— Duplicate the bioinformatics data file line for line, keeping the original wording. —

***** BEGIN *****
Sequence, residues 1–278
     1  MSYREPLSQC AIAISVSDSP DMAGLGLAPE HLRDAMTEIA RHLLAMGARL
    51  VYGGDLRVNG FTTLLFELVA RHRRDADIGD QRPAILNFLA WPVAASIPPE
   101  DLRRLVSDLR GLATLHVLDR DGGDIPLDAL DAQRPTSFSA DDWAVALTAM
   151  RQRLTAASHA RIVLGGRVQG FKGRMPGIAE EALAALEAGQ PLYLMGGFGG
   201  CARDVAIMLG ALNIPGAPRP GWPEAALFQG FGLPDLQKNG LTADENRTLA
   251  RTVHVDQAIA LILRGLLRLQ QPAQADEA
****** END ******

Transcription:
Sequence, residues 1–278
     1  MSYREPLSQC AIAISVSDSP DMAGLGLAPE HLRDAMTEIA RHLLAMGARL
    51  VYGGDLRVNG FTTLLFELVA RHRRDADIGD QRPAILNFLA WPVAASIPPE
   101  DLRRLVSDLR GLATLHVLDR DGGDIPLDAL DAQRPTSFSA DDWAVALTAM
   151  RQRLTAASHA RIVLGGRVQG FKGRMPGIAE EALAALEAGQ PLYLMGGFGG
   201  CARDVAIMLG ALNIPGAPRP GWPEAALFQG FGLPDLQKNG LTADENRTLA
   251  RTVHVDQAIA LILRGLLRLQ QPAQADEA